A Guide to the Project Management Body of Knowledge (2017). Project Management Institute, 2017. APA, 7th ed. Project Management Institute.

Alexander, I. F. (2004, June). A Better Fit-Characterising the Stakeholders. In CAiSE Workshops (2) (pp. 215-223).

Barth, H., Ulvenblad, P. O., & Ulvenblad, P. (2017). Towards a conceptual framework of sustainable business model innovation in the agri-food sector: A systematic literature review. Sustainability (Switzerland), 9(9), 1–15.

Bergvall-Kåreborn, B., Mirijamdotter, A. & Basden, A. (2004). Basic Principles of SSM Modeling: An Examination of CATWOE from a Soft Perspective. Systemic Practice and Action Research 17, 55–73.

Galpin, T (1996). The Human Side of Change, San Francisco, Jossey Bass.

IAP2 Spectrum (n.d).

Palan, H. (2020). The dangerous animals of product management and how to tame them. Customer Think.

Rajagopalan, S. (2014a). RACI: An important tool to manage project outcomes and stakeholder expectations.

Rajagopalan, S. (2014b). RACI: Errors and Implications in building the right one.

Rajagopalan, S. (2018). Organized Common Sense. Outskirts Press.

Thursday, November 24, 2022

Gift of Teaching: Why it should matter to anyone?

"Why do you like teaching so much?" asked my son as I was wrapping a call with one of my students. It was not on a regular work day or during the evening that I teach. He has known me to teach at colleges and universities as well as through my own training organization (Agile Training Champions) that I founded with the only purpose of "Making a Difference." Yes, both my parents were teachers. So, I could say "Teaching runs in my blood!" To me, teaching is not for time-passing but building the society! 

Teaching, to me, is the way people create leaders! Teaching demonstrates one's love for the subject and builds character through that subject in students. In my humble opinion, if a student doesn't like a subject, it tells volumes about the teachers and their way of teaching! Why do people claim "Phobia for Math" in early grades in school?  Scientists call Math as the Language of the Universe and how are we promoting quest for knowledge in the younger minds? How are we creating the love for the subject if we sow the seeds of fear for a subject? Teachers who love teaching teach their children to love learning!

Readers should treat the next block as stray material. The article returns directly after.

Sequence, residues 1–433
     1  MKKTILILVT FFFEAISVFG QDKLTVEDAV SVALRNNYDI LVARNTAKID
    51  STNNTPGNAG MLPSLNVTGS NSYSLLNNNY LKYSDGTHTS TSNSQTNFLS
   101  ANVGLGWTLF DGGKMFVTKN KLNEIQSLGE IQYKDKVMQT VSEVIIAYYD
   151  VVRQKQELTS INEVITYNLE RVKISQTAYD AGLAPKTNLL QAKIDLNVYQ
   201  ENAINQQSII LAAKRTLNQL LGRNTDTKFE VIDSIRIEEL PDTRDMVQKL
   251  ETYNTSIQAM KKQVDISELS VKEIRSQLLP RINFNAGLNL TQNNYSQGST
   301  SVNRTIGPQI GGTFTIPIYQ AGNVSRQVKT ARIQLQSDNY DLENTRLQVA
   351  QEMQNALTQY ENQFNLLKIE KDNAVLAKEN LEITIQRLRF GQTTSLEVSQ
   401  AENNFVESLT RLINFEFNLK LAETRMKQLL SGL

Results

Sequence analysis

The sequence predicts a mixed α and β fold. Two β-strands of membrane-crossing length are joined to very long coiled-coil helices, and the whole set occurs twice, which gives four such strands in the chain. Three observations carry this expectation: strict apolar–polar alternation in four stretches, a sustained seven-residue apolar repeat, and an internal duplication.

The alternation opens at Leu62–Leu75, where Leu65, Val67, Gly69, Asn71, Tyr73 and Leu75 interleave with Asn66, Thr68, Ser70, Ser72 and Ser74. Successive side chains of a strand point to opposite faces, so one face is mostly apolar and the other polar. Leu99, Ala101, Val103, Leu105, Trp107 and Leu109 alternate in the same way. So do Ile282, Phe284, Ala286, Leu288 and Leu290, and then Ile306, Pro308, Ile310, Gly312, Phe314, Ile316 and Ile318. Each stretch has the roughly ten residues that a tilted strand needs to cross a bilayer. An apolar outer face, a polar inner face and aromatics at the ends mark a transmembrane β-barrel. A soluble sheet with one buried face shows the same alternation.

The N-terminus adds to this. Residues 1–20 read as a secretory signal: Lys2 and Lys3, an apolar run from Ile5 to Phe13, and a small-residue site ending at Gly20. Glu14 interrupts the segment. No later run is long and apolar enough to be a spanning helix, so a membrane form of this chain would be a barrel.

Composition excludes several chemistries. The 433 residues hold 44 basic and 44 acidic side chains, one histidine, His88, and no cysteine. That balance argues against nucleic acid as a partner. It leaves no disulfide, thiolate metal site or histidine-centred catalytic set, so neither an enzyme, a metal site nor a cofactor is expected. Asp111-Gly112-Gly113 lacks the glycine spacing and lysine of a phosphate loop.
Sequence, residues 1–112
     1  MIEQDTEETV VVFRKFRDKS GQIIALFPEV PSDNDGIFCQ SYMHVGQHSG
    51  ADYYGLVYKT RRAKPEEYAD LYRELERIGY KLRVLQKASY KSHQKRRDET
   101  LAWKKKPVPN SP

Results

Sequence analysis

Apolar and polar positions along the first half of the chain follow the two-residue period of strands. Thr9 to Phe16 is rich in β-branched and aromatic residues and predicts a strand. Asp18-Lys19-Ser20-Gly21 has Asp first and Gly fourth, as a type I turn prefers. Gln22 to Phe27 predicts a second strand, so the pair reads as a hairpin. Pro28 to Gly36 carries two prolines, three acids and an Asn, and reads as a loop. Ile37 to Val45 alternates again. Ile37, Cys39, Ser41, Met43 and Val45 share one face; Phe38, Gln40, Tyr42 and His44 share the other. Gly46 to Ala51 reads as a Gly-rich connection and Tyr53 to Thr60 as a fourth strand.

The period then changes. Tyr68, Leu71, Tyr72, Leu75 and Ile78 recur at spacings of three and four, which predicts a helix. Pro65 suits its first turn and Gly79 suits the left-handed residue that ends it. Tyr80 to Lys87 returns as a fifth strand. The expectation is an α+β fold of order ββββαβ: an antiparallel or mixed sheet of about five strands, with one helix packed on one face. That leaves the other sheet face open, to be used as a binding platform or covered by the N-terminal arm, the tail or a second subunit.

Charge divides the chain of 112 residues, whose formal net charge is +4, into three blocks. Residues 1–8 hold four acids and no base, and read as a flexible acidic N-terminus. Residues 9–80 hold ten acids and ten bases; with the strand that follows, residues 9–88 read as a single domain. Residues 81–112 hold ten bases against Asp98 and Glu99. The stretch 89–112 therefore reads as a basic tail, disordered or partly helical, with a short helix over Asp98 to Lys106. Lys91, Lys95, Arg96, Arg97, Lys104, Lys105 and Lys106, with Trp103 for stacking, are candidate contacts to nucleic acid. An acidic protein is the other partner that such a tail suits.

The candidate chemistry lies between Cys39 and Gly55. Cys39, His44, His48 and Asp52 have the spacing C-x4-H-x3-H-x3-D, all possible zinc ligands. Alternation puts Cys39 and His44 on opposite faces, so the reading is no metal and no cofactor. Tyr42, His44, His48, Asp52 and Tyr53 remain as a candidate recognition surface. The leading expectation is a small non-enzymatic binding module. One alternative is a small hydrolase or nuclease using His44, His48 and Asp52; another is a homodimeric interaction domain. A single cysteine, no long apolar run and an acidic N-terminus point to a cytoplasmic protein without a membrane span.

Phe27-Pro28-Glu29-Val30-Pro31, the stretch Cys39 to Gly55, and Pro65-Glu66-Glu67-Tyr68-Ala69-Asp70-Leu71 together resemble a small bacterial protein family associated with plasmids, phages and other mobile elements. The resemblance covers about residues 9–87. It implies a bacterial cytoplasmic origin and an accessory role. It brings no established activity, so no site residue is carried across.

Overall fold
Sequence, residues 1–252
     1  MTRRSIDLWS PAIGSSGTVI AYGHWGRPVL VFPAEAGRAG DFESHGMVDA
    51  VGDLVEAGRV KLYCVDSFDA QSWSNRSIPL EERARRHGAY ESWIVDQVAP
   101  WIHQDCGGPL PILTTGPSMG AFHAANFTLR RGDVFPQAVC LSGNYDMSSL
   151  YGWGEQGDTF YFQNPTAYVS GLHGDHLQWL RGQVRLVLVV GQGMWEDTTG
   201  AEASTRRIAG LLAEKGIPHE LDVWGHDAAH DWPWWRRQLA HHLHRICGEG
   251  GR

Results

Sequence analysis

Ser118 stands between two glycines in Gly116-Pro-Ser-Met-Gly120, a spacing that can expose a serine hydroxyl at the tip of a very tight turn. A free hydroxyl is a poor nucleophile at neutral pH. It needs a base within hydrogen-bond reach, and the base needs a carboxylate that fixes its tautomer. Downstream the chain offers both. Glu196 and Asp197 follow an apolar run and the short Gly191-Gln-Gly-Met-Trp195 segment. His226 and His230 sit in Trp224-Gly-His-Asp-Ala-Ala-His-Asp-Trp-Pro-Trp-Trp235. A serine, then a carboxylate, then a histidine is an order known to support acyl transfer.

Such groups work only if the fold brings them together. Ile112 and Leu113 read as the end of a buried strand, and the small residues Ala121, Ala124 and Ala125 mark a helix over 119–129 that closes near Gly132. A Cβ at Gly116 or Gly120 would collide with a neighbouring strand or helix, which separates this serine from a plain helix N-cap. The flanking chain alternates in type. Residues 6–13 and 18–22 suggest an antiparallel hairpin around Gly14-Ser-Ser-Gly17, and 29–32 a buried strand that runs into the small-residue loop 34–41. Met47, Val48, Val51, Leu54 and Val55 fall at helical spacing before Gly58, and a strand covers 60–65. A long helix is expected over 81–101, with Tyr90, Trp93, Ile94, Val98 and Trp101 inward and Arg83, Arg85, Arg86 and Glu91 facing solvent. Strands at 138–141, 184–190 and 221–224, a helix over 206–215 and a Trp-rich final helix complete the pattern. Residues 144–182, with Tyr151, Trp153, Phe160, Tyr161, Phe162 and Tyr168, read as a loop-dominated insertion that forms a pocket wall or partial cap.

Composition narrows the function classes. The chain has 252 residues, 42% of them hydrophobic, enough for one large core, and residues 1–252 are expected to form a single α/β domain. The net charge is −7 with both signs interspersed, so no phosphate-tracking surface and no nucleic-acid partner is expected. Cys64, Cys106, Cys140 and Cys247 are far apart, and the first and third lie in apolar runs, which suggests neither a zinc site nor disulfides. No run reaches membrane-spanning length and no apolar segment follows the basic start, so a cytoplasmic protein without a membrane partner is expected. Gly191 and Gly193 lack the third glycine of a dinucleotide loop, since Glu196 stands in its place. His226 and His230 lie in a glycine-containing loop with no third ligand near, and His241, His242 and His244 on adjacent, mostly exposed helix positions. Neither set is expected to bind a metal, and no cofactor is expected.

I had a good friend's sibling in school fail a subject back in India. This was many years back. I took it upon myself to teach this subject to the student and get the student to register for the exam again and finally succeed. I may not be available for every star fish that is washed ashore, but I made a difference to that one person's life! When this person managed to contact me several years later (as we got separated due to my stay abroad), the expression of how I mattered is priceless. 

Furthermore, teaching is not about showing the expertise to students but being able to demonstrate our ability to learn from the students. It is a highest form of displaying modesty and humility! At a level that others see you as an expert, you demonstrate your vulnerability and willingness to learn from the students. In the movie, "Taare Zammen Par," the teacher takes an interest in a young student's way of expression and changes the perception of the school, the student's parents, and the life of the child by relating the autistic children! Good teachers do not categorize students as 'slow poke," as one of the teachers talked about my son. I wish the teacher who called Edison as unable to learn anything can know how wrong the teacher was about Edison. As Dale Carnegie says in his book, (paraphrased) "Even He does not judge us until after death; so, who are we to judge others?

Good teachers owe their students to own 'continuous learning' and 'learning at every moment!" My classes focus on movies and anecdotal thoughts from such movies on many topics. "The ideas get cemented in my mind," said a few students from people that hear learning by association is a daily event! Students learn better when they experience their teacher's love for the subject and care for their students! That's why I continue to study not only fill my own gaps in knowledge but also demonstrate my love for making a difference. And, trust me, students monitor our progress and get motivated "Fuel their fire for growth" is what teaching to me means! 

"Passion feeds knowledge and knowledge feeds passion!" No other profession other than teaching comes closer in this symbiotic relationship. Even thought I know the subject at the back of my hand, I prepare for changes in the market place, new events that are relevant, and the type of audience in the class. So, every class is a project and so requires just enough planning to deliver the message better. And, the students bring their rich experience and help you fill the gaps between sentences, words, and characters in your own subject! I am better in my concepts today because my students taught me!  

Good teachers enable their students to support their ongoing journey! They share their knowledge willingly and copiously through any and many forms as possible. In fact, to me, teaching is the best form of demonstrating servant leadership, situational leadership, and transformational leadership! In the movie, Hitchki, I remember a great saying about the teachers. 

"A normal teacher teaches, 
  a good teacher makes one understand, 
  a great teacher demonstrates how to apply the concepts, but